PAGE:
Europe, Africa and Oceanica. The observatories of the Union
placed themselves in immediate communication with those of
foreign countries. Some, such as those of Paris, Petersburg,
Berlin, Stockholm, Hamburg, Malta, Lisbon, Benares, Madras,
and others, transmitted their good wishes; the rest maintained
a prudent silence, quietly awaiting the result. As for the
observatory at Greenwich, seconded as it was by the twenty-
two astronomical establishments of Great Britain, it spoke
plainly enough. It boldly denied the possibility of success,
and pronounced in favor of the theories of Captain Nicholl.
But this was nothing more than mere English jealousy.

On the 8th of October President Barbicane published a manifesto
full of enthusiasm, in which he made an appeal to "all persons
of good will upon the face of the earth." This document,
translated into all languages, met with immense success.

Subscription lists were opened in all the principal cities of
the Union, with a central office at the Baltimore Bank, 9
Baltimore Street.

In addition, subscriptions were received at the following banks
in the different states of the two continents:

At Vienna, with S. M. de Rothschild.
At Petersburg, Stieglitz and Co.
At Paris, The Credit Mobilier.
At Stockholm, Tottie and Arfuredson.
At London, N. M. Rothschild and Son.
At Turin, Ardouin and Co.
At Berlin, Mendelssohn.
At Geneva, Lombard, Odier and Co.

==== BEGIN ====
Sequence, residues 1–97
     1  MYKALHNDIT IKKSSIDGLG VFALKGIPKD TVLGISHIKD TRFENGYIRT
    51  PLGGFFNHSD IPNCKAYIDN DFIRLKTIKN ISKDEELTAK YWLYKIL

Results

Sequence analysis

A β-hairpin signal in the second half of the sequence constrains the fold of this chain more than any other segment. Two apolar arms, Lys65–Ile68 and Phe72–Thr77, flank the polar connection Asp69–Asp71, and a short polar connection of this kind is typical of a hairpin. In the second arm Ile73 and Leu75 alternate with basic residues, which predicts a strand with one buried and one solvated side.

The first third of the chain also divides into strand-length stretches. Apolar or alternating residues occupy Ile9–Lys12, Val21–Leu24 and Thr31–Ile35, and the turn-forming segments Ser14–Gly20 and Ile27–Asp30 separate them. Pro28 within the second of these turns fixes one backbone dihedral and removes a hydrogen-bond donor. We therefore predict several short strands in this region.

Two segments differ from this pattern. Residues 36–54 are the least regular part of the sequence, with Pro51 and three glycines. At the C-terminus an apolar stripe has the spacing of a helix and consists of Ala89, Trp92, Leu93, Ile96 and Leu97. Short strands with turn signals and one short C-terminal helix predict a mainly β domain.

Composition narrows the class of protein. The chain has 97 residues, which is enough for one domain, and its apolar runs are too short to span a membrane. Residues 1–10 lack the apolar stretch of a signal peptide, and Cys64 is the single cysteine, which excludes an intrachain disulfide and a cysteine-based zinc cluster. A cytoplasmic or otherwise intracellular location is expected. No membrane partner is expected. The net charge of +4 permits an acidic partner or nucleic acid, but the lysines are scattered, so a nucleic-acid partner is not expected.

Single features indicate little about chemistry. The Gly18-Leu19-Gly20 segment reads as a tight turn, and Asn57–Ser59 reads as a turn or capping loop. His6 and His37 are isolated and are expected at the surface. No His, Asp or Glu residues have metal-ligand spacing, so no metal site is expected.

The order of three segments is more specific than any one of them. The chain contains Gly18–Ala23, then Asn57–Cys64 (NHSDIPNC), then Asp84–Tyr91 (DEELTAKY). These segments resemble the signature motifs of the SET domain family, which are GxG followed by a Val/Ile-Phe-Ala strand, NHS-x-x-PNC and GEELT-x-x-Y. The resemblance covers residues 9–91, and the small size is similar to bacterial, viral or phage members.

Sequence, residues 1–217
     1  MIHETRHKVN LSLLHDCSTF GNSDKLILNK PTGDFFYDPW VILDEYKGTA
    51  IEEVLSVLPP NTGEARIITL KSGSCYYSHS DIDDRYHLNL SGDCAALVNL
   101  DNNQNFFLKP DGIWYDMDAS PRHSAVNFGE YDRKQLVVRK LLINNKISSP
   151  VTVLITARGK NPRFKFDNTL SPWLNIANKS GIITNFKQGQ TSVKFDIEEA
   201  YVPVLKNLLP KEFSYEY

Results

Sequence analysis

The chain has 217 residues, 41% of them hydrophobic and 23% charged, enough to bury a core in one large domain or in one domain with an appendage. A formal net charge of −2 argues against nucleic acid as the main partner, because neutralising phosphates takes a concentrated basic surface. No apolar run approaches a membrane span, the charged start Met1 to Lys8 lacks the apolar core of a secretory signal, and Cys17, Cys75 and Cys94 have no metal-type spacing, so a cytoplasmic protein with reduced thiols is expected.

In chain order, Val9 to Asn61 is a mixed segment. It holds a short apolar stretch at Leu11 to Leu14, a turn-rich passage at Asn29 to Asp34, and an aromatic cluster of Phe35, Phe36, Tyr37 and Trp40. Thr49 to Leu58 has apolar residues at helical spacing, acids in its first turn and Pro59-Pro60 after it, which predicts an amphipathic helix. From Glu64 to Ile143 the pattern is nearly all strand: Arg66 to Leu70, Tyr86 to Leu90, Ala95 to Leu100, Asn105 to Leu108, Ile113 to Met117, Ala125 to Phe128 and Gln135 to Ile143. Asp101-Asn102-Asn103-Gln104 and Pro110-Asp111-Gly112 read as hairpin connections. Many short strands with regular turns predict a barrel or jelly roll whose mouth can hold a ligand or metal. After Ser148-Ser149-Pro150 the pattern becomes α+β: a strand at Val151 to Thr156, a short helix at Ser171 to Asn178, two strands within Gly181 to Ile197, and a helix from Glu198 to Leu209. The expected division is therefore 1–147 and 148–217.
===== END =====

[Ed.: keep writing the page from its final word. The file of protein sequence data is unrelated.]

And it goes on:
At Constantinople, The Ottoman Bank.
At Brussels, J. Lambert.
At Madrid, Daniel Weisweller.
At Amsterdam, Netherlands Credit Co.
At Rome, Torlonia and Co.
At Lisbon, Lecesne.
At Copenhagen, Private Bank.
At Rio de Janeiro, Private Bank.
At Montevideo, Private Bank.
At Valparaiso and Lima, Thomas la Chambre and Co.
At Mexico, Martin Daran and Co.

Three days after the manifesto of President Barbicane $4,000,000
were paid into the different towns of the Union. With such a
balance the Gun Club might begin operations at once. But some
days later advices were received to the effect that foreign
subscriptions were being eagerly taken up. Certain countries
distinguished themselves by their liberality; others untied
their purse-strings with less facility--a matter of temperament.
Figures are, however, more eloquent than words, and here is the
official statement of the sums which were paid in to the credit
of the Gun Club at the close of the subscription.

Russia paid in as her contingent the enormous sum of 368,733 roubles.
No one need be surprised at this, who bears in mind the scientific
taste of the Russians, and the impetus which they have given to
astronomical studies--thanks to their numerous observatories.

France began by deriding the pretensions of the Americans.
The moon served as a pretext for a thousand stale puns and
a score of ballads, in which bad taste contested the palm
with ignorance. But as formerly the French paid before singing,
so now they paid after having had their laugh, and they subscribed
for a sum of 1,253,930 francs. At that price they had a right
to enjoy themselves a little.

Austria showed herself generous in the midst of her financial crisis.
Her public contributions amounted to the sum of 216,000 florins--
a perfect godsend.

Fifty-two thousand rix-dollars were the remittance of Sweden
and Norway; the amount is large for the country, but it would
undoubtedly have been considerably increased had the
subscription been opened in Christiana simultaneously with that
at Stockholm. For some reason or other the Norwegians do not
like to send their money to Sweden.

Prussia, by a remittance of 250,000 thalers, testified her high
approval of the enterprise.

Turkey behaved generously; but she had a personal interest in
the matter. The moon, in fact, regulates the cycle of her years
and her fast of Ramadan. She could not do less than give